The people of Great Britain have voted to exit the European Union, in a move that has sent shockwaves around the world and its markets.
The pound has this morning hit a 30-year low in the aftermath of the result, which saw 52 percent voting to leave and 48 percent to remain.
The outcome has also spurred the resignation of Prime Minister David Cameron, who has now revealed his intention to step down from the position with a new leader in place by October.
As reactions to the result start to pour in, Mike Thompson, chief executive of the Association of the British Pharmaceutical Industry, a strong supporter of the remain campaign, said the decision "creates immediate challenges for future investment, research and jobs in our industry in the UK".
"With that being the case, we are committed to working closely with the government to agree what steps need to be taken to send a strong signal that the UK is open for business."
Steve Bates, chief executive of the BioIndstry Association, said that while the fundamentals of UK bioscience remain strong, "several key issues for our sector are now in flux".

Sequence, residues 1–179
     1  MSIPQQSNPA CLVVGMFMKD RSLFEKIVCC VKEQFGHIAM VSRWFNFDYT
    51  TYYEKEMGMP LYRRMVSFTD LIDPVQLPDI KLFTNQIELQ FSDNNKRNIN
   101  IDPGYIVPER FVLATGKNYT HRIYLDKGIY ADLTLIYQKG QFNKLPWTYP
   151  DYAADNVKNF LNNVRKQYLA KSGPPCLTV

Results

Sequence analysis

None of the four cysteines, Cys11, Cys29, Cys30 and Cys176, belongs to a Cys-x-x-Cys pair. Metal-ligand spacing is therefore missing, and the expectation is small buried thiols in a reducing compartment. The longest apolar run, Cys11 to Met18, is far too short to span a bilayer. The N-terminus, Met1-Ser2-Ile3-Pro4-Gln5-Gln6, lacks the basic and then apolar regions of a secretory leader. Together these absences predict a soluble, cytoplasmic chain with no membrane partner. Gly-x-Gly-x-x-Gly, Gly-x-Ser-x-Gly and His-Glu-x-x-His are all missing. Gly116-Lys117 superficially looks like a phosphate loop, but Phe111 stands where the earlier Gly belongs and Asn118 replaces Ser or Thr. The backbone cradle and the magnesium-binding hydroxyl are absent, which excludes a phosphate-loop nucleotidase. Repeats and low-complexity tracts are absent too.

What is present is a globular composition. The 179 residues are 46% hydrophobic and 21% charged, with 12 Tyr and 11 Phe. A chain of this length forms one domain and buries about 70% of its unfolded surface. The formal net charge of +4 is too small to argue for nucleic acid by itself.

"Key questions about the regulation of medicine, access to the single market and talent, intellectual property and the precise nature of the future relationship of the UK with Europe are now upon us. This will require detailed and dispassionate thinking and the BIA will make its and its members' expertise available to the government and its key agencies in the coming weeks and months as we work through these complex issues."
Sarah Hanson, Head of UK Lifesciences at international law firm CMS, said: "Although today's Leave vote has signalled the end of the referendum campaign, it marks the beginning of what could be an even longer period of uncertainty, particularly for the UK Life sciences sector."
"First and foremost we must consider its effect on the significant body of EU legislation which governs the development and supply of medicines and medical devices…Companies engaging in any way with the EEA markets will face increased regulatory burdens from having to deal with separate UK and EU regulation so the industry faces an arduous job ahead, keeping abreast of all relevant legislation to work out which parts of the UK and EU regulatory regimes will remain the same and which parts will diverge."
In a statement, the European Federation of Pharmaceutical Industries and Associations stressed the importance of ensuring that the patient is at the centre of all subsequent decisions, as the implications of the UK's exit from the EU are considered.
"EFPIA shares the common goal of ensuring rapid access to innovative medicines for patients across Europe, as well developing a regulatory and policy environment that fosters innovation and supports the research and development of new medicines to meet the needs of patients, healthcare systems and society. As an industry, over the coming months, we are committed to engaging with stakeholders both in Europe and in the UK to support these objectives."